U.S. Department of Health & Human Services
Health Literacy Improvement
PATIENT SAFETY PRIMERS
Individuals' ability to find, process, and comprehend the basic health information necessary to act on medical instructions and make decisions about their health...
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Device-related Complications (1)
Diagnostic Errors (1)
Identification Errors (5)
Discontinuities, Gaps, and Hand-Off Problems (14)
Medication Safety (60)
Medical Complications (6)
Nonsurgical Procedural Complications (1)
Surgical Complications (5)
Psychological and Social Complications (3)
Central and South America (1)
North America (113)
Journal Article (51)
Newspaper/Magazine Article (20)
Press Release/Announcement (2)
Special or Theme Issue (3)
Web Resource (10)
Epidemiology of Errors and Adverse Events (13)
Active Errors (14)
Latent Errors (3)
Approach to Improving Safety
Health Literacy Improvement
Health Care Providers (73)
Health Care Executives and Administrators (54)
Non-Health Care Professionals (38)
Setting of Care
Residential Facilities (1)
Ambulatory Care (33)
Outpatient Surgery (1)
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Don't come back, hospitals say.
Landro L. Wall Street Journal. June 7, 2011:D3.
Older patients' understanding of emergency department discharge information and its relationship with adverse outcomes.
Hastings SN, Barrett A, Weinberger M, et al. J Patient Saf. 2011;7:19-25.
Patient, protect thyself.
Szabo L. USA Today. February 5, 2007.
10 things your hospital won't tell you.
Kapadia R. Smart Money. October 2006;15:112-114.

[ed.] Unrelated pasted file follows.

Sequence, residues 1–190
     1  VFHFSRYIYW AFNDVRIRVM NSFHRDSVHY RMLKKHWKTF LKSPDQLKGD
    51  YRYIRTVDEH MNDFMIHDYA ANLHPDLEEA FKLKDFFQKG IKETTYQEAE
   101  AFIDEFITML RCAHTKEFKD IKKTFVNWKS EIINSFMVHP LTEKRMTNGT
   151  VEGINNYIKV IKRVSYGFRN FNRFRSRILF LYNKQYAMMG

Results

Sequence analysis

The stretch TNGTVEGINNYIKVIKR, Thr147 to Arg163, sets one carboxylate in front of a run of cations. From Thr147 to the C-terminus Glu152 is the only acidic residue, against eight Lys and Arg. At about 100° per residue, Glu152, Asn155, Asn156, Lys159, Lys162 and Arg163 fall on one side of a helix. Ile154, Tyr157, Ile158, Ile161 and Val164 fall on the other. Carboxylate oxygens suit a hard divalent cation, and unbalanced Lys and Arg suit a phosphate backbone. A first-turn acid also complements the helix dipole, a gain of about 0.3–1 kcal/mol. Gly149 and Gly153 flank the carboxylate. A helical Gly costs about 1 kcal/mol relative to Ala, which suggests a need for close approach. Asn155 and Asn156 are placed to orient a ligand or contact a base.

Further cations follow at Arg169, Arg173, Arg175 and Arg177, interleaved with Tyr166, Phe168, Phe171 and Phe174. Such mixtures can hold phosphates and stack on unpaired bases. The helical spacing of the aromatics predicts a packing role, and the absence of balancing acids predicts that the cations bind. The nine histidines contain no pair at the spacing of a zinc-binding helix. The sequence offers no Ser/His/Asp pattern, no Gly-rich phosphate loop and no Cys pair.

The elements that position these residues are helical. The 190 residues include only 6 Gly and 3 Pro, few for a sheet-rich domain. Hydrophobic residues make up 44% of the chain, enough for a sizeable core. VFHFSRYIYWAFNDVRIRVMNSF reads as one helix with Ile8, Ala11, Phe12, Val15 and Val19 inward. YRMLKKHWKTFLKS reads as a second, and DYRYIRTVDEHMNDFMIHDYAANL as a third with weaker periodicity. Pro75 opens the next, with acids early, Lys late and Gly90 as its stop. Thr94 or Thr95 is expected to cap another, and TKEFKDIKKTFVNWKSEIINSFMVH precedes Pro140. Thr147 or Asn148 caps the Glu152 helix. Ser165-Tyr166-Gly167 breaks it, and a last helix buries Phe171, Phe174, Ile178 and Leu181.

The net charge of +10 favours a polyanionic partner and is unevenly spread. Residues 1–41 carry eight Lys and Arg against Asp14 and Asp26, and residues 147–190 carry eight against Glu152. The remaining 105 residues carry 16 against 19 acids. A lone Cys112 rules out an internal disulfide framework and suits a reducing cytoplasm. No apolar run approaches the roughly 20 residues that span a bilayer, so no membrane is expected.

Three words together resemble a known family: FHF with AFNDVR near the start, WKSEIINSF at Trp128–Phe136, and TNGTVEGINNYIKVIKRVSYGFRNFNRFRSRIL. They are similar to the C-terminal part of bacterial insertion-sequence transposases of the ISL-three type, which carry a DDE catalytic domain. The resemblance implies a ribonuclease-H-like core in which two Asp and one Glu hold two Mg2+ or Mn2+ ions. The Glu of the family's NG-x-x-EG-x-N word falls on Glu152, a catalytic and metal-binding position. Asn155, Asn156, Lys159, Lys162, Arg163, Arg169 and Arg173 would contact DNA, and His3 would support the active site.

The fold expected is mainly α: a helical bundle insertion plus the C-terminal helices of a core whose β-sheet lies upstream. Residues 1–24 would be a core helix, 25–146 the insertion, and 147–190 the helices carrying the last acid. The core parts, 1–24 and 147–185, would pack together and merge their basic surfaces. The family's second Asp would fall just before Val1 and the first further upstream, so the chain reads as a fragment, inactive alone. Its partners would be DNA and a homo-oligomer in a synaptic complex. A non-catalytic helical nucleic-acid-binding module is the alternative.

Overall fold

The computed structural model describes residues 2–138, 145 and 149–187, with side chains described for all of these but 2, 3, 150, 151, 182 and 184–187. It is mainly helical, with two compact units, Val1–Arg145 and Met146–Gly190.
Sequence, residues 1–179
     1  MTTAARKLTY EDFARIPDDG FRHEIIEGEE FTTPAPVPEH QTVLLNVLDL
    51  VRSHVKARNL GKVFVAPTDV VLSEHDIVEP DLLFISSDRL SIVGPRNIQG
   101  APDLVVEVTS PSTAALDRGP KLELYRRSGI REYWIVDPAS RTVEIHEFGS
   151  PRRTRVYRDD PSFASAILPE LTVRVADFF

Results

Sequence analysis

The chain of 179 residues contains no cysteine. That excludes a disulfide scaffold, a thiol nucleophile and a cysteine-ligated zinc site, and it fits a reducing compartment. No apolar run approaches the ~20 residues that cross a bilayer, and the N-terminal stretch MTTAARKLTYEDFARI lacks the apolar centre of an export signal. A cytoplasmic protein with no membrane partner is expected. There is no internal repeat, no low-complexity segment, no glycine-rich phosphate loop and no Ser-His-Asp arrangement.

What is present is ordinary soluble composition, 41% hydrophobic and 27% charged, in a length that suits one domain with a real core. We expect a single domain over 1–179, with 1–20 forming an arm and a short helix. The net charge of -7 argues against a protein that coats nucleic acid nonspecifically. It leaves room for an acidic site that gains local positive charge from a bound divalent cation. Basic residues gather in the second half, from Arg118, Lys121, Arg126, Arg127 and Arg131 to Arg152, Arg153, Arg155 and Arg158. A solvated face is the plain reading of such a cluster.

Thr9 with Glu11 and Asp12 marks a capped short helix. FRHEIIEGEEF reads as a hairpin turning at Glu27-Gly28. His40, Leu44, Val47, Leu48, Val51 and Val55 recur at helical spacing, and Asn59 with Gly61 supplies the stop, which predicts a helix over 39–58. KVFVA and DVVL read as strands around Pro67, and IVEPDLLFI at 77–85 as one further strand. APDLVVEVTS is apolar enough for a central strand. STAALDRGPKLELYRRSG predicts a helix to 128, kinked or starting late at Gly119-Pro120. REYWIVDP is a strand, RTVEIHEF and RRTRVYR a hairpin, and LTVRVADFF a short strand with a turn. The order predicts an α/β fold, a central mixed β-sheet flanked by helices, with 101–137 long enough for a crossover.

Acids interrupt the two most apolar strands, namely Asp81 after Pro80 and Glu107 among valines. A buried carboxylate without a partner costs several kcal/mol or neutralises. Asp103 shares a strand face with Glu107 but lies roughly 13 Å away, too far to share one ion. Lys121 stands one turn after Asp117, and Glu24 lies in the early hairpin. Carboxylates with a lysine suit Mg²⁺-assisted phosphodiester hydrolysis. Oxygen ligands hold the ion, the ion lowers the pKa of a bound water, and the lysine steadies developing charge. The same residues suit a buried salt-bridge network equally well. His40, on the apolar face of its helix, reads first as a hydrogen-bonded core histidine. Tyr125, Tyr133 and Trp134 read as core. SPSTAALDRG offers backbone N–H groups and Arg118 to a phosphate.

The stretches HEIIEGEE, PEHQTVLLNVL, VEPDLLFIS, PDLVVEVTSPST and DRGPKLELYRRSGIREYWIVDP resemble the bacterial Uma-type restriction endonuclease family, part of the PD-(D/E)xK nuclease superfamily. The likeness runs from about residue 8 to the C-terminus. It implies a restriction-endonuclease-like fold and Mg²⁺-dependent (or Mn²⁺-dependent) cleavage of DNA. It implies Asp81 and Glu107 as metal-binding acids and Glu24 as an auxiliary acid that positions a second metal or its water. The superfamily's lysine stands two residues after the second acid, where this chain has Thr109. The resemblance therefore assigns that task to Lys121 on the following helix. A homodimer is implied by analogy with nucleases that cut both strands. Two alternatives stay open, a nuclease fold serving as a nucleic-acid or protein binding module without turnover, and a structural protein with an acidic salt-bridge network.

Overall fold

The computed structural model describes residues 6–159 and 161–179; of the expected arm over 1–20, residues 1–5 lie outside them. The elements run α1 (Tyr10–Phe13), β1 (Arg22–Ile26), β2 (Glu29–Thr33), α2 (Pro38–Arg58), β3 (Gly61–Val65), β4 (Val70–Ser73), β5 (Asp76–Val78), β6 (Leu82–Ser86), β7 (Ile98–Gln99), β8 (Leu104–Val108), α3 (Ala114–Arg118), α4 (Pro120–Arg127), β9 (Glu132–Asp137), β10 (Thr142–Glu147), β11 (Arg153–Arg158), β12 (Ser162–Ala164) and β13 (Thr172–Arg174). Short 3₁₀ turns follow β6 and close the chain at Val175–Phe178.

Implementation of an electronic system for medication reconciliation.
Kramer JS, Hopkins PJ, Rosendale JC, et al. Am J Health Syst Pharm. 2007;64:404-422.
Quality & Safety Research Group.
Johns Hopkins University, Department of Anesthesiology & Critical Care Medicine.
Rapid response team activation by patients can mitigate errors.
ISMP Medication Safety Alert! Acute Care Edition. June 1, 2006:1-2.
Consumer Guide to Adverse Health Events.
St. Paul, MN: Minnesota Department of Health; January 2009.
Parental misinterpretations of over-the-counter pediatric cough and cold medication labels.
Lokker N, Sanders L, Perrin EM, et al. Pediatrics. 2009;123:1464-1471.
Help your patient "get" what you just said: a health literacy guide.
Roett MA, Wessel L. J Fam Pract. 2012;61:190-196.
Schillinger D. AHRQ WebM&M [serial online]. March 2004.
Does your patient really understand?
Huff C. Hosp Health Netw. October 2011;85:34-35,37-38,2.
Preventing Medication Errors: Quality Chasm Series.
Committee on Identifying and Preventing Medication Errors, Aspden P, Wolcott J, Bootman JL, Cronenwett LR, eds. Washington, DC: The National Academies Press; 2007.
To protect against drug errors, ask questions.
Brody JE. New York Times. January 2, 2007:F7.
"Sign right here and you're good to go": a content analysis of audiotaped emergency department discharge instructions.
Vashi A, Rhodes KV. Ann Emerg Med. 2011;57:315-322.e1.
Library-hospital pairing empowers patients, improves safety.
Briefings on Patient Safety. June 2005;6:1-3.
Forster A. AHRQ WebM&M [serial online]. December 2004.
Risk of unintentional overdose with non-prescription acetaminophen products.
Wolf MS, King J, Jacobson K, et al. J Gen Intern Med. 2012;27:1587-1593.
Acute care patients discuss the patient role in patient safety.
Rathert C, Huddleston N, Pak Y. Health Care Manage Rev. 2011;36:134-144.
Prevent medication errors: a New Year's resolution: teaching patients about their medications.
Polzien G. Home Healthc Nurse. 2007;25:59-62.
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